Janet's initial telephone enquiries indicated that this roll did, in fact, include the name of her paternal grandfather and several other relatives who served in the First World War. In response to the question of how he came into possession of this honour roll, the vendor explained that until five years before, it had been located in the local memorial hall. Following an announcement that this hall would be demolished, the vendor's uncle removed the honour roll and stored it in his garage. After his uncle's death, the vendor, as executor of the estate, advertised it for sale as part of the contents of his uncle's house and garage. Janet suggested that the proposed sale may be illegal. Following further negotiations with the vendor, it was agreed that the roll should be given to a nearby RSL club to be added to its collection.
Listed on the walls of the Australian National War Memorial at Villers-Bretonneux in France are the names of more than 11,000 soldiers of the First Australian Imperial Force. They died in France between 1916 and 1918 and have no known grave. The remains of the Unknown Australian Soldier, which rest today in the Hall of Memory at the Australian War Memorial in Canberra, came from a grave in Adelaide Cemetery, Villers-Bretonneux. For years it was marked simply 'An Australian Soldier of the Great War: Known Unto God'. Today the overseas graves and the great memorials to the missing on which are engraved the names of those Australians who have no known grave are cared for by the Commonwealth War Graves Commission.
Many other former Australian sailors, soldiers, airmen and service women lie in cemeteries around Australia. A single, unemployed war pensioner, 57-year-old Ernest Leach, died in September 1933 at Goondiwindi, Queensland. As Private Ernest Leach, 22nd Battalion, he had fought for Australia on the Western Front in France and Belgium. Ernest Leach did not have sufficient funds at the time of his death to cover the cost of his own funeral, so the Goondiwindi Hospital paid for his burial in the local cemetery. The Public Trustee administered Leach's few possessions: a sulky pony, aged, worth about £2; a dilapidated old sulky with a broken wheel, worth about £1; one set of harness worth about £1. Behind his lonely and almost forgotten grave at Goondiwindi is the story of the 22nd Battalion and one who, with his mates, endured much in that frontline infantry unit.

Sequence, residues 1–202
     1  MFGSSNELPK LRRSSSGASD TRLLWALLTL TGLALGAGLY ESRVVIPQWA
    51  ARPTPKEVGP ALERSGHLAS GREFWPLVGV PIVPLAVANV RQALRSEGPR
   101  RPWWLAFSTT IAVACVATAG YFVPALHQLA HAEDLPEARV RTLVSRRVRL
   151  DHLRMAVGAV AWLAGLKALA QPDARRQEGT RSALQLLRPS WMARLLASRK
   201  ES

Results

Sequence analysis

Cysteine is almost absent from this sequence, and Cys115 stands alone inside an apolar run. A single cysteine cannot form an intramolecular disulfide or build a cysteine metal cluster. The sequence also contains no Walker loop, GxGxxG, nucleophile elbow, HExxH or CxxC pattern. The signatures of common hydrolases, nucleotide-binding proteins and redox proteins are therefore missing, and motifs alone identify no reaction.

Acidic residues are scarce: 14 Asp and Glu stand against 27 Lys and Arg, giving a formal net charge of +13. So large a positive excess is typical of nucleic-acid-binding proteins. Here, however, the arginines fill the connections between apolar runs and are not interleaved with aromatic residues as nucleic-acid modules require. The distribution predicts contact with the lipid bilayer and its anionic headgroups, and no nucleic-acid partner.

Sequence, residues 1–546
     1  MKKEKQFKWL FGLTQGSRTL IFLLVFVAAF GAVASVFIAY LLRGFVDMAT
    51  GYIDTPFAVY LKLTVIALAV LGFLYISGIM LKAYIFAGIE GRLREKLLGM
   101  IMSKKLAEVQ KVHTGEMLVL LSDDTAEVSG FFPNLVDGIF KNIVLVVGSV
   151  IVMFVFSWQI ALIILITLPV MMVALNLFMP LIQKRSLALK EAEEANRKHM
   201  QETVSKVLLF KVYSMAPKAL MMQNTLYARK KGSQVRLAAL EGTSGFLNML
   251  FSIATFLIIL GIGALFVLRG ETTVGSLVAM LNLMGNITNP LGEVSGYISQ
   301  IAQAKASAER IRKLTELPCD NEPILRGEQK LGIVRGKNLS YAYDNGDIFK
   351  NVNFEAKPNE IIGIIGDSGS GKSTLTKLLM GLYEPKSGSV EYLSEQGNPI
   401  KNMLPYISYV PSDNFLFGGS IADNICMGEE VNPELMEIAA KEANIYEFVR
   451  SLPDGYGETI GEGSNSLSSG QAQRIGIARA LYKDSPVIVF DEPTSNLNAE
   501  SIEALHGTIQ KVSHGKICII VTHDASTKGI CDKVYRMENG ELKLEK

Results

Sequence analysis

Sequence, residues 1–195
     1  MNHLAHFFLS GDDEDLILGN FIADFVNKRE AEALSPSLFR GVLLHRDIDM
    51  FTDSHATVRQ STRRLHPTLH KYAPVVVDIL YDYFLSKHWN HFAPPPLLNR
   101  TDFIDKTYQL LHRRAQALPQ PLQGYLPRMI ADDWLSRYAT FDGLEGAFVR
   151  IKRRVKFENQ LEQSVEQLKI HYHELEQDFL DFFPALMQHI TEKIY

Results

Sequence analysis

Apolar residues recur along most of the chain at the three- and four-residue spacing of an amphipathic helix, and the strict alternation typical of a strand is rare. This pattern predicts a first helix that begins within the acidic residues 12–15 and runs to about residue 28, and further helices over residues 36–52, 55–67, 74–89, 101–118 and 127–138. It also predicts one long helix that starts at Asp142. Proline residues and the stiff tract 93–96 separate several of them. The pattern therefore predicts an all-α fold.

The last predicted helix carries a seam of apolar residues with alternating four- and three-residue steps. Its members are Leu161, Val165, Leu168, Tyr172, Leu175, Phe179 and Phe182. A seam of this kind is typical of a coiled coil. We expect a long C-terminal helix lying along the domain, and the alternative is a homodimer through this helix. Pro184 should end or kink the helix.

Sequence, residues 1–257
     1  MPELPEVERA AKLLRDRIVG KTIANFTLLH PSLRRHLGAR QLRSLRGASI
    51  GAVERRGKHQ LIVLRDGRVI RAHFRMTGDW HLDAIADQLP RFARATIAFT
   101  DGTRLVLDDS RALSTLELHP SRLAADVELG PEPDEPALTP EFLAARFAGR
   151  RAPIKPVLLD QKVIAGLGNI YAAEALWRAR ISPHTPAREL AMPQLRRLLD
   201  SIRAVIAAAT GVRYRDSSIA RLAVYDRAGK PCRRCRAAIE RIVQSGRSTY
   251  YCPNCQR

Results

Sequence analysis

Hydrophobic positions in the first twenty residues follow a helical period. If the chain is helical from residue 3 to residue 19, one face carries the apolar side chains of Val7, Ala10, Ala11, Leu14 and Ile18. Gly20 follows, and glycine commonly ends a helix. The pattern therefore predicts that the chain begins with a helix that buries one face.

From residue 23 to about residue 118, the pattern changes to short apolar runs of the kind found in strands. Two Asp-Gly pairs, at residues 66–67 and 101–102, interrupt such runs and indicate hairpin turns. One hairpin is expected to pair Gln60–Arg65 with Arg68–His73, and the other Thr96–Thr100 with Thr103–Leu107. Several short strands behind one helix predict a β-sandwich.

Gravestones in cemeteries can sometimes reveal a story of the local experience of war. Annie Whitelaw died, aged 64, on 5 April 1927, and was buried in the Briagolong Cemetery. On her headstone is this inscription:
The Mother Of Six Sons
Who Served In The
Great War 1914-1919
Four of Whom
Bob, Ken, Ivan and Angus
Paid The Supreme Sacrifice
Happy is she who can die
With the thought that in
The hour of her country's
greatest need she gave
Her Utmost. (Conan Doyle)
Erected by the Maffra Repatriation Committee
Three of Annie's sons - Bob, Ivan and Angus - are listed on the Maffra War Memorial under the words 'Killed in Action', but Ken Whitelaw's name is missing. Why then does it say on Annie's grave that he paid the Supreme Sacrifice? Ken Whitelaw returned from the war and, like many other men of the First Australian Imperial Force, died at home of the wounds he had received in action overseas. All of Annie's six sons had enlisted and, at the time of her death, the Maffra Repatriation Committee was well aware of the suffering which war had brought to this local family. Today, Annie Whitelaw's grave is an important part of Briagolong and Australia's war heritage.
Are there any graves in your local cemetery which are identified as those of service men and women?
What is known about their military service?
Are there other graves with inscriptions which link them to war?
Would a cemetery walk brochure help visitors appreciate the service and sacrifice of local veterans?
Case study: Reg's war stuff
The day after the funeral of Reg, a widower and Second World War veteran who served in New Guinea, his son Gavin came across an old suitcase neatly labelled 'Dad's war stuff'. The contents of the suitcase related to Reg's war service in New Guinea and included letters, photographs of places and fellow servicemen, and a small number of service medals. Gavin's initial plan was to keep one or two official documents dealing with his late father's war service and to dispose of the rest. However, on reading several of the letters and details on the back of photographs, Gavin came to the view that his father's memorabilia may well be of interest to other family members living in rural communities in northern New South Wales.